Community pharmacists’ knowledge of diabetes management during Ramadan in Egypt
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Background Although Muslim diabetic patients may be aware of their religious exemption from fasting, many still fast and adjust their medication regimens accordingly. Pharmacists have a significant potential to identify and prevent harm from medication misuse in Ramadan. Objectives This study examines Egyptian pharmacists’ knowledge regarding management of diabetes during Ramadan. It also explores pharmacists’ willingness to attend a 1 day workshop on medication regimen adjustment during Ramadan. Setting Community pharmacies throughout Alexandria, Egypt. Methods A cross-sectional study using a pretested self-administered survey was conducted among a random sample of community pharmacists. The survey included three knowledge questions relevant to counseling diabetic patients during Ramadan. Questions covered the recommended timing and dosing for metformin and insulin as well as the safe blood glucose range required for diabetic patients to safely continue their fast. Using logistic regression, a model was estimated to predict pharmacists’ willingness to attend a workshop on the adjustment of medication regimens during Ramadan. Content analysis was used to analyze pharmacists’ answers to the question concerning what they would like the workshop to cover. Main outcome measure Pharmacists’ aggregate scores for all three diabetes management knowledge questions and pharmacists’ willingness to attend a workshop on the adjustment of medication regimens during Ramadan. Results Ninety three percent of the 298 approached pharmacists agreed to participate. Forty three pharmacists (15.9 %) did not know the correct answer to any question, 118(43.7 %) 24 answered one correctly, 86 (31.9 %) answered two correctly and only 23 (8.5 %) answered all 25 three correctly. Confidence in therapeutic knowledge regarding medication regimen 26 adjustment during Ramadan was not associated with the pharmacists’ knowledge of diabetes management during Ramadan. One hundred seventy five (63.6 %) pharmacists wanted to attend a workshop on adjusting medication regimens during Ramadan. This was significantly associated with pharmacists being Muslim (OR 3.52, CI 1.70–7.27) and of younger age (OR 30 = 0.98, CI 0.96–0.99978). Pharmacists offered specific content and communication process 31 suggestions for the workshop content. Conclusion This study identifies variability among community pharmacists’ knowledge of diabetes management during Ramadan. It also shows willingness among the majority of pharmacists to learn more about the topic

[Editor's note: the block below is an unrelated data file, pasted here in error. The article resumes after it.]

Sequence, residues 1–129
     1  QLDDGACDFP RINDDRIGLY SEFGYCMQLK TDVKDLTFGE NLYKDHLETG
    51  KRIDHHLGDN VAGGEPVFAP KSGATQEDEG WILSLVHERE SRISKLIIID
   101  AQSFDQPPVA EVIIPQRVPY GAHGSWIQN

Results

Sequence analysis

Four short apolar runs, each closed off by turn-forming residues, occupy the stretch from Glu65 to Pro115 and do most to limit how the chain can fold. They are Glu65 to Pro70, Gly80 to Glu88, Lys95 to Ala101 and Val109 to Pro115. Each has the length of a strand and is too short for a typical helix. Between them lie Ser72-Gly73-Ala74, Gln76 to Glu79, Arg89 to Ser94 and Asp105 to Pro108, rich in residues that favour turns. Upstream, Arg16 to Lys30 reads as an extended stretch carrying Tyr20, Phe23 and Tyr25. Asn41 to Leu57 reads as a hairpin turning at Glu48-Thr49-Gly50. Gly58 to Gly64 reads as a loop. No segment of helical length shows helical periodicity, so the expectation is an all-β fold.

KeywordsDiabetes Egypt Fasting Guidelines Islam Medication Muslim patients Pharmacists Pharmacy Ramadan Religion
The authors would like to thank Dr. David Kreling, Dr. Nora Cate Schaeffer, Dr. Henry Young and Dr. Connie Kraus at the University of Wisconsin-Madison for their comments and suggestions which have been instrumental in shaping this project. The first author is thankful for the support received from the Joseph Wiederholt Wisconsin Distinguished Graduate Fellowship during the academic year 2012–2013.
This research was supported by a dissertator grant award provided by the Sonderegger Research Center at the School of Pharmacy, University of Wisconsin-Madison.
Conflicts of interest
The authors declare no conflict of interest.
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